17. I would think so. It’s not at all difficult, and I highly recommend adding various types of ambient light to your drawing template. You might have to adjust the Z coordinate per design, but otherwise it will be quite useful and become part of your workflow since you will always know on what class/layer these are located. If your ambient lights receive color by class it becomes very quick to adjust overall ambient light color and intensity via the class color. I also include a “black light” object on its own class which is basically an ambient light turned down to 1% and colored dark gray. Turning this on allows me to “fool” VWX so the app will turn off the global illumination. This is crucial when lighting a scene with nothing but textures.
  18. Oh I knew exactly what you meant by “render buckets” but did not know that was the term. Cool. My comment regarding the dpi of the design layer (I believe mine is defaulted to 72 dpi) is that the resolution of a render on the design layer at 72dpi is far greater than a render bitmap at 72dpi. This makes render bitmaps even less appealing to me.
  19. One more rant; when working on a laptop on battery, the render bitmap tool runs through the battery in a hurry due to having to wait for the entire image to render. When I say "entire" I mean whatever section of the screen I choose to render not the entire screen.
  20. That is true. By the way, is "render buckets" the actual term for that?? 🙂 I've never entirely understood the DPI settings of the design layer. I believe it defaults to 72 dpi but is also impacted by the display upon which you work. The end result is that a final quality render on the design layer is typically quicker and infinitely better resolution than a 72 dpi render bitmap. I typically have to use render bitmaps at 150 dpi which take far longer and still do not look nearly as good. The only way to get a render bitmap to look anywhere near as good as final quality on the design layer would take forever. Just a personal note on my process: I have the standard keyboard shortcuts for OpenGL and Final Quality Renderworks. I also have a keyboard shortcut for Custom Renderworks. I completely understand that Final Quality is not ideal but it is a quick way for me to toggle between low quality and high quality renderworks (custom set to lower quality and final quality) while drawing. I always output with custom renderworks. I should also add that for the longest time (a long time ago), my output renders were just screen grabs of design layer renderings before I understood the SLVP method and never had any issues with it. Seems like the render cache issue was the first bug but it has since become worse and worse.
  21. I would really like to see some improvement in rendering directly on the design layer using Renderworks. For the longest time this worked exceptionally well. Over the past several years it has become buggy and unpredictable. Interestingly enough, the common response is “you shouldn’t render directly on the design layer. You should use a viewport on a sheet layer.” Frankly I find that a terrible solution. Of course I use sheet layers to output designs but during the design process? What a huge waste of time and it completely takes one out of the design head space. If you want to see how that new texture you created looks, or check the lighting you just added, you should simply start rendering. Since you are probably centered up on the item you want to evaluate, you only need the render to run for a moment and then cancel it once you’ve seen what you needed to see. The idea that you have to create a viewport and then set your rendering and lighting options and then render it from a sheet layer seems an absurd workaround. The render bitmap tool is not much better. You have to wait for entire thing to render before it displays anything. If you set the dpi to something slightly better than 72dpi, so it looks halfway decent it takes far longer. I get that I only should draw out the bitmap to the size I need to see, but it still takes longer than a quick keystroke to start a render. Rendering on the design layer used to work great all the time. It would be really helpful if that were the case now.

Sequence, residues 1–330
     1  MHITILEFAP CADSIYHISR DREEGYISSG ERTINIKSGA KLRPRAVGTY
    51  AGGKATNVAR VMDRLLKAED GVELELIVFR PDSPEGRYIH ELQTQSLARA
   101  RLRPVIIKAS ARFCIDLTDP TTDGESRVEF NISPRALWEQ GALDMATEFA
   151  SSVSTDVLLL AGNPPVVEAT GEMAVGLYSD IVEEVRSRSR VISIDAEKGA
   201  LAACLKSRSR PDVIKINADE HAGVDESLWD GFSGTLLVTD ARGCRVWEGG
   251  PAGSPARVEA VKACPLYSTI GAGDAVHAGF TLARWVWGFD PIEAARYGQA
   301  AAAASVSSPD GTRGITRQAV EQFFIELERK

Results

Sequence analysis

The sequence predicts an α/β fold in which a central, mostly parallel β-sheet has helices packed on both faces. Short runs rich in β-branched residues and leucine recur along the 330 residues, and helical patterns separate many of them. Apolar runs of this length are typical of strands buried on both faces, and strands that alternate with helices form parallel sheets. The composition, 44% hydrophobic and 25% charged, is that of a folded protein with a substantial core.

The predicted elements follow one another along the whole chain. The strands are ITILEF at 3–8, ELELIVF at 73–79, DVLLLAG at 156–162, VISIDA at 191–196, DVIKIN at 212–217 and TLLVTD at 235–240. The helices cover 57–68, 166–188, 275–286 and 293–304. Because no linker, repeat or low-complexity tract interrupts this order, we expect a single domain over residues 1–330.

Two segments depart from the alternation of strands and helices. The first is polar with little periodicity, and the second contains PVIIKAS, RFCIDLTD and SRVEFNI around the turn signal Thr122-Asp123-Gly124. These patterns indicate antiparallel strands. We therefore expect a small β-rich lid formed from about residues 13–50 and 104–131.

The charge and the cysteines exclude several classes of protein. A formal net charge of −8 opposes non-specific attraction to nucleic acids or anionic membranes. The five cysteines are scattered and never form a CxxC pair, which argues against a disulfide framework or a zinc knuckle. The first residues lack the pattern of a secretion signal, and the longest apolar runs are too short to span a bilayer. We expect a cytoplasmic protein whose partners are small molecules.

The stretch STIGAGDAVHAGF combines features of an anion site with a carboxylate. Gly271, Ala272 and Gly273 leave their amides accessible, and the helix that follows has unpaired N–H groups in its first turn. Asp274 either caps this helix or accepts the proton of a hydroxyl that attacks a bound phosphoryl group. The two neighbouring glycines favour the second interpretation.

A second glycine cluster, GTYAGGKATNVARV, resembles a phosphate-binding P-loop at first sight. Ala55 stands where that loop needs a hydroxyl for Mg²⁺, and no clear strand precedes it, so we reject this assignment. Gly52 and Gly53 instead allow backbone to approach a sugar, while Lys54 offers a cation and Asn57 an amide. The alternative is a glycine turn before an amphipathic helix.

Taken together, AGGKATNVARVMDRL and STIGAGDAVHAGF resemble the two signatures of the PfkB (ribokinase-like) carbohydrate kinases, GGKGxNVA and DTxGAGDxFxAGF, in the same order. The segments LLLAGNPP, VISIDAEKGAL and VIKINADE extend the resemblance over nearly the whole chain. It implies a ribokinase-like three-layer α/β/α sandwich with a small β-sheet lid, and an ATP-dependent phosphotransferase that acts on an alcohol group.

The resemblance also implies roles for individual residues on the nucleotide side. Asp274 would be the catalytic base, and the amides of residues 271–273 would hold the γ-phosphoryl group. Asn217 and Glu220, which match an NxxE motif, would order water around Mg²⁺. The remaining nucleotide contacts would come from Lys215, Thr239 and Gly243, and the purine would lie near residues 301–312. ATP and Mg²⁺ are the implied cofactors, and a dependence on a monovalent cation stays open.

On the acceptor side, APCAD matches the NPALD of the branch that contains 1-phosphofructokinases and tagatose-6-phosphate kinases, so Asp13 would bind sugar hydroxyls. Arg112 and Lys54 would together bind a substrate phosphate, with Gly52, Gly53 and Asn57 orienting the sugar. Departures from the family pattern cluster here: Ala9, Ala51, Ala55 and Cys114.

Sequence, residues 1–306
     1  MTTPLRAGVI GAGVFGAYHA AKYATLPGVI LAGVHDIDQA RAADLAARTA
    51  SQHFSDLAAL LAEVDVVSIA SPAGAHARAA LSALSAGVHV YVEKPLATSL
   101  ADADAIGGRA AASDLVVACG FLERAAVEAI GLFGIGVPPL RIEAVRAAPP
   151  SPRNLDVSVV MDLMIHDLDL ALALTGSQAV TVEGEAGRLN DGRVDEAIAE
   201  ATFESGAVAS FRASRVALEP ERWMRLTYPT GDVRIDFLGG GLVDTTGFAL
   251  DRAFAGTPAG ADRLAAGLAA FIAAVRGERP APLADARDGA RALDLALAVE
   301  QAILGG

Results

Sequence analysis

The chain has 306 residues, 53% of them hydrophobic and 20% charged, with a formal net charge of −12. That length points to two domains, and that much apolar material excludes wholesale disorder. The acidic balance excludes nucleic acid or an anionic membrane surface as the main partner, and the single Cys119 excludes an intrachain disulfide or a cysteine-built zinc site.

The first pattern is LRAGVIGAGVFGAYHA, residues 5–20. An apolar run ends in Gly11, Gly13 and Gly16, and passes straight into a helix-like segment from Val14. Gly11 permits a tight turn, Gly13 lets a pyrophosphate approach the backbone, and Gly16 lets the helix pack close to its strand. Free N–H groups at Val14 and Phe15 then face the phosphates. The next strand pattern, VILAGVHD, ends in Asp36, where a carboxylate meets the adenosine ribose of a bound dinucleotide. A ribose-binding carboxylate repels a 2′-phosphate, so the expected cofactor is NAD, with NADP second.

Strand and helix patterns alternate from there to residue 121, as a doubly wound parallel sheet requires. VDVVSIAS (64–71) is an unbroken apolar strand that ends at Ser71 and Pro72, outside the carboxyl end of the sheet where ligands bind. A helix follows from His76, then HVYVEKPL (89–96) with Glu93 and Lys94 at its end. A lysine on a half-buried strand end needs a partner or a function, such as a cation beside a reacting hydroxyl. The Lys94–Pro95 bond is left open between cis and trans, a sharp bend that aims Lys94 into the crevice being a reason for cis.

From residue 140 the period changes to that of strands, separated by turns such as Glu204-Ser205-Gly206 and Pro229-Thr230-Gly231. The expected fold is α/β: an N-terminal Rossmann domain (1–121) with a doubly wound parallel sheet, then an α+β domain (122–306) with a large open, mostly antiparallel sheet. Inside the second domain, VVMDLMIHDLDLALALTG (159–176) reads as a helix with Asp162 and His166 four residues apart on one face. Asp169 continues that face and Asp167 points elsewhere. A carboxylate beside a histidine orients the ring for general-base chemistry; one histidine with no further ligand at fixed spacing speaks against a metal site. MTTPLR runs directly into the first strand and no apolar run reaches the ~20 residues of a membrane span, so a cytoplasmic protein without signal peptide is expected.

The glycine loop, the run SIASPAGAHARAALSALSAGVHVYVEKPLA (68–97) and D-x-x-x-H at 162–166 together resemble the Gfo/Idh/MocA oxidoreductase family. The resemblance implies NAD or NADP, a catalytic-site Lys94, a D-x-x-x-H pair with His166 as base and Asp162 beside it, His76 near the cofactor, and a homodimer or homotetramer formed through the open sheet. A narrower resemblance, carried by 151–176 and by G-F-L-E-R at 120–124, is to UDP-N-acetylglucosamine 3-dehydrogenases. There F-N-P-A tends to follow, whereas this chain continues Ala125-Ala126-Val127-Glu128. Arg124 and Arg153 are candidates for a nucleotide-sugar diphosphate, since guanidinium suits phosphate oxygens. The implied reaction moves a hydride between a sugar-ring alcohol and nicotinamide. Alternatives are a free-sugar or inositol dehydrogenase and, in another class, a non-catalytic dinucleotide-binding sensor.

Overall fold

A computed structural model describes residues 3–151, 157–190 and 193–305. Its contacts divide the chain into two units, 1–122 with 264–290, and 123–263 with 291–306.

22. The trick is to simplify the geometry to give you enough detail to know what the item is but not so much that it ruins your processing. Avoid curves, arcs, circles and all the connection fittings. If you need that level of detail then create two versions, one simple, one detailed and class them prior to creating your symbols. That way you can choose the level of detail for output purposes.
  23. I often find that I have complicated paths that I just cannot get the correct result in an EAP process. Items like compound curved paths in three dimensions. My solution has always been (after a few attempts anyway) to divide the piece up into useable sections and then perform the EAP process. Typically that means I am creating the objects in a similar fashion to how they would be created in the real world. Often that process is quicker than trying to make the entire EAP work correctly.